independence and diversity of systems important to safety, but these criteria
are not applied to communication systems that do not interface with the
reactor plant.  It is possible, therefore, to have offsite communication
systems that meet the regulatory requirements but that could not survive
natural or man-made hazards.  If these circuits were all located in a single
room or building that was destroyed by fire, hurricane, tornado, or
earthquake, it would be possible to lose all offsite communication capability. 
If the offsite termini of these systems were similarly configured, such an
event at these locations would also interrupt all emergency messages
transmitted over these circuits..                                                            IN 97-05
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At least one licensee viewed this condition as serious enough to consider
obtaining a self-contained microwave antenna communication system that would
be independent of its other 
communication systems and therefore not be susceptible to common mode failure. 
This portable system would be used to transmit emergency messages to an
adjacent power reactor site for relay to the offsite authorities in the event
all other systems were disabled.

Several licensees have obtained satellite communication equipment that enables
them to maintain communication capabilities after severe natural events such
as hurricanes, tornados, and floods.  Such systems do not rely on ground-based
transmission, but instead orbiting satellites are used to relay messages to
remote networks.  They will likely be one of the only systems that would be
operational immediately after a severe event such as a major hurricane or
earthquake.  Some satellite systems are highly portable and self-contained, so
that they can be deployed from a secure location for immediate use.

Communication Contingency Procedures

It is highly probable that a severe disaster that directly affects a reactor
site, as Hurricane Andrew did at Turkey Point, will disable all offsite
communication capability for some finite period of time.  One lesson learned
from the Hurricane Andrew disaster was the need to be able to restore this
capability as quickly as possible.

As mentioned above, the contingency procedures adopted by the plants ranged
from callout lists for communication technicians to formal disaster recovery
plans.  For plants relying on callout procedures for communication
technicians, a suitable method for notifying those technicians is required in
case electronic communication capability is completely lost.  These plans or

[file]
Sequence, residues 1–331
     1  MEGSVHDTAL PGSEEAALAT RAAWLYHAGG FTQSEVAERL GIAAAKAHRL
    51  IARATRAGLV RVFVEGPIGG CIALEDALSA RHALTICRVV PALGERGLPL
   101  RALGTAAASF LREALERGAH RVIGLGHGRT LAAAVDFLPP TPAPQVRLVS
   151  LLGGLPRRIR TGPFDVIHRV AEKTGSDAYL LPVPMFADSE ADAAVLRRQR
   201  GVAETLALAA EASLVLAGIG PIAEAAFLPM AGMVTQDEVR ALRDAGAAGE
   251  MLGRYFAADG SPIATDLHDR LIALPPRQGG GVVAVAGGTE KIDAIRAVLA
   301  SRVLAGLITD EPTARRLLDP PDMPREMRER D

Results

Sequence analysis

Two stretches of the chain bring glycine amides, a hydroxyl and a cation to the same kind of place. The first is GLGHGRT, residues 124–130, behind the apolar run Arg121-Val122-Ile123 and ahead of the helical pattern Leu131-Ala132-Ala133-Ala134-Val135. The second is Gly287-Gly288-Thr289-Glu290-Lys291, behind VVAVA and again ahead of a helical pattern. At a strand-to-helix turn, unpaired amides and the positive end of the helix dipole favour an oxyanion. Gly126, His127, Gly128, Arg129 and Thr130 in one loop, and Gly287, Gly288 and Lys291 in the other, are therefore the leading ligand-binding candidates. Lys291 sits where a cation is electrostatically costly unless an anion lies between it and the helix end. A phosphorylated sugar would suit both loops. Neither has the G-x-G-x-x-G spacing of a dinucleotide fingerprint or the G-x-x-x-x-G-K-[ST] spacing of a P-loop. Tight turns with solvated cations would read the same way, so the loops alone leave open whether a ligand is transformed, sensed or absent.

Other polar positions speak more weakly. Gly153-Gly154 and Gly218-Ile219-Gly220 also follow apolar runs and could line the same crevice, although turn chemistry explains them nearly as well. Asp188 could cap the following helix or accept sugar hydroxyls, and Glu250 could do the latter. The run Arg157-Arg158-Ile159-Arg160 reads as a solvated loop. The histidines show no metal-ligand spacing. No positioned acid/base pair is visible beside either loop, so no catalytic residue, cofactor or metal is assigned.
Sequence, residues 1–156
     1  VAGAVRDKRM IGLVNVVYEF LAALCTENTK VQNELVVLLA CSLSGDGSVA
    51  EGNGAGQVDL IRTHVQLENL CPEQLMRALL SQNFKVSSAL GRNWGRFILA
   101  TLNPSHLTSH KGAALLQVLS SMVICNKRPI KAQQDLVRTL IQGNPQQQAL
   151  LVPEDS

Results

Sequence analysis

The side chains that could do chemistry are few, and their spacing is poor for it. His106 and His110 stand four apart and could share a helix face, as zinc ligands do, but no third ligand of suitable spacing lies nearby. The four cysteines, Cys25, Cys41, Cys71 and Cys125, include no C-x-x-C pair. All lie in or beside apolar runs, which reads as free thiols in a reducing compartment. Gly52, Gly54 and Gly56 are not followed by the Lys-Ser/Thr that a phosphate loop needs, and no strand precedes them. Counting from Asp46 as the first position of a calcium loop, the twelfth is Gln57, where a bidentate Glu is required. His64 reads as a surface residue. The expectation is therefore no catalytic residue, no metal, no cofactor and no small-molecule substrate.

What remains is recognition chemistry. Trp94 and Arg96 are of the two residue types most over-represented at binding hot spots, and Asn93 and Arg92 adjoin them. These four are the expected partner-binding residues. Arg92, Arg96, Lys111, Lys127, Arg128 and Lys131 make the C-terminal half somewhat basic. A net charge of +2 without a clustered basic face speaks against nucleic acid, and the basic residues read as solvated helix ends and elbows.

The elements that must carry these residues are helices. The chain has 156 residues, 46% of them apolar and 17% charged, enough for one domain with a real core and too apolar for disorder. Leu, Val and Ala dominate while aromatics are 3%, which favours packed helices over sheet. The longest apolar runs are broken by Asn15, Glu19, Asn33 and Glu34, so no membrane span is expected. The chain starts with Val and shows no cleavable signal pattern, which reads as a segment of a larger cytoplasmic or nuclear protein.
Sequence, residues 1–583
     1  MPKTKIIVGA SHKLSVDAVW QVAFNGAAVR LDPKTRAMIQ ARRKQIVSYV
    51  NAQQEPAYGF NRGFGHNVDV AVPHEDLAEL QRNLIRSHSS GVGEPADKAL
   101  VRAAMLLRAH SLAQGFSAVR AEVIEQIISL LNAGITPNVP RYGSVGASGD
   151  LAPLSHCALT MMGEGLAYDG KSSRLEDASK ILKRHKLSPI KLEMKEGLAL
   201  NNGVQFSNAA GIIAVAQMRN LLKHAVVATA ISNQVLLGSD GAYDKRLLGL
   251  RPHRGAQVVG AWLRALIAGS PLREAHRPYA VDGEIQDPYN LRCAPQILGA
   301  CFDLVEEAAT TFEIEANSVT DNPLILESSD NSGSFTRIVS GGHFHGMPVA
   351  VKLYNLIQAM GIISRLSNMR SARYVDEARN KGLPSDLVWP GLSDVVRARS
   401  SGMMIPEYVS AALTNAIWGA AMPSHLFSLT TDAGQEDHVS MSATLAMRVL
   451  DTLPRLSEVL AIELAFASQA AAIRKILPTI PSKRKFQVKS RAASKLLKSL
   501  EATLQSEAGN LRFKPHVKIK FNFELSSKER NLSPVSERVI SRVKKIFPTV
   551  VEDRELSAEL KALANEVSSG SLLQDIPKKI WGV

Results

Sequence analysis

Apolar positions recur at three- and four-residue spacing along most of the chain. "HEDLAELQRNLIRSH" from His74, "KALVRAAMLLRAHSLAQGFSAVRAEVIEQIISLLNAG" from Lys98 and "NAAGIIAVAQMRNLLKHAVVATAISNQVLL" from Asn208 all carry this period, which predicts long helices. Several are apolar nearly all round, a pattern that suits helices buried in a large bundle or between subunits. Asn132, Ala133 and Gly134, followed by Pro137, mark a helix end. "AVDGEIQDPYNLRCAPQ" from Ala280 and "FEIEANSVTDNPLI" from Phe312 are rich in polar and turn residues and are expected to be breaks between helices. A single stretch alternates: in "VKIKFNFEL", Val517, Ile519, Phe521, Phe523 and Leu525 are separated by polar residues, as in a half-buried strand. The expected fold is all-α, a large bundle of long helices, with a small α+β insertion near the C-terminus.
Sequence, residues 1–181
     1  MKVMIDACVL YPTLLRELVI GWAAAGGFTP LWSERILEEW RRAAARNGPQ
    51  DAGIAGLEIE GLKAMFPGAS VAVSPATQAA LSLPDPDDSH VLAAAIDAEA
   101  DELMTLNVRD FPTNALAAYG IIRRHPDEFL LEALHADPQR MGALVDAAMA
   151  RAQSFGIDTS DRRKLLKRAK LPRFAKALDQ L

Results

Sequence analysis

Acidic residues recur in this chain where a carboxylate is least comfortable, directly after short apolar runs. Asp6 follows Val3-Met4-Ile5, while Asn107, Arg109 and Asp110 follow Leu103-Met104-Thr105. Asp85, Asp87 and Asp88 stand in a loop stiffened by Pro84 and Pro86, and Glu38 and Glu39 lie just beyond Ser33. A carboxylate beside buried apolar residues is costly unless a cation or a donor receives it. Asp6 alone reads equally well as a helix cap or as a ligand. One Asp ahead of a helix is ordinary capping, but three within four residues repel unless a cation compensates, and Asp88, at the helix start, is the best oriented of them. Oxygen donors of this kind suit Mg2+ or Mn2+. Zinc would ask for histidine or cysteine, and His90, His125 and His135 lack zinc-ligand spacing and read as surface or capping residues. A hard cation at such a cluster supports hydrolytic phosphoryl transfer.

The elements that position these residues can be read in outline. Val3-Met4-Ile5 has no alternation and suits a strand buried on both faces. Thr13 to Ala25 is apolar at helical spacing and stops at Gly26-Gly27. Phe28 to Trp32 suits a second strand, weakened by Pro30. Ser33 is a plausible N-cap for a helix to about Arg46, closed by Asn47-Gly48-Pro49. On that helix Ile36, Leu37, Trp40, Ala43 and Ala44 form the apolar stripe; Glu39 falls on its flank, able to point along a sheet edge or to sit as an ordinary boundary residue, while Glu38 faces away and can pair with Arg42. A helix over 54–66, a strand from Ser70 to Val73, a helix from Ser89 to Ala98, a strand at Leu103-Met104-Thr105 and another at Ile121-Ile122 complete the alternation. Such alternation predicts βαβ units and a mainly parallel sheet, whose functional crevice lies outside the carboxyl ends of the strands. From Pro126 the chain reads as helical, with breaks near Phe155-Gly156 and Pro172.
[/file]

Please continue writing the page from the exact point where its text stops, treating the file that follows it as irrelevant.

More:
procedures are of greatest value when they have been validated under
conditions likely to exist after a severe natural event.  For example, if
personnel likely to be available on site during and after such an event are
trained on the plans or procedures, they can implement them quickly.

Part of the ability to quickly restore lost communication capability involves
the stocking of spare parts on site for replacement of storm-, wind-, or
water-damaged equipment.  Although it is clearly not feasible for the licensee
to be able to repair damaged commercial telephone systems anywhere along the
transmission lines, damaged radio or microwave systems can be repaired almost
wholly on site.  The TI results showed that at seven of the sites, spare
antennae and cabling were available to repair radio or microwave systems.  At
some of these seven sites, these parts were stored in structures that were not
qualified to withstand the external events that could be encountered.  If
these spare parts could be stored in qualified structures and installed by
knowledgeable personnel who are already on site, the downtime for these
systems could be minimized.

Related Generic Communication

NRC Information Notice 93-53, "Effect of Hurricane Andrew on Turkey Point
Nuclear Generating Station and Lessons Learned," July 20, 1993..                                                            IN 97-05
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                                                            Page 4 of 4


This information notice requires no specific action or written response.  If
you have any questions about the information in this notice, please contact
the technical contact listed below or the appropriate Office of Nuclear
Reactor Regulation (NRR) project manager.


                                                signed by

                                       Thomas T. Martin, Director
                                       Division of Reactor Program Management
                                       Office of Nuclear Reactor Regulation

References

1.  NUREG-1474, "Effect of Hurricane Andrew 
    on the Turkey Point Nuclear Generating 
    Station from August 20-30, 1992,"  March 1993.

2.  Temporary Instruction 2515/131, "Licensee Offsite 
    Communication Capabilities,"  January 18, 1996.

Technical contact:  William A. Maier, NRR
                    (301) 415-2926
                    E-mail:  wam@nrc.gov


Page Last Reviewed/Updated Tuesday, December 03, 2013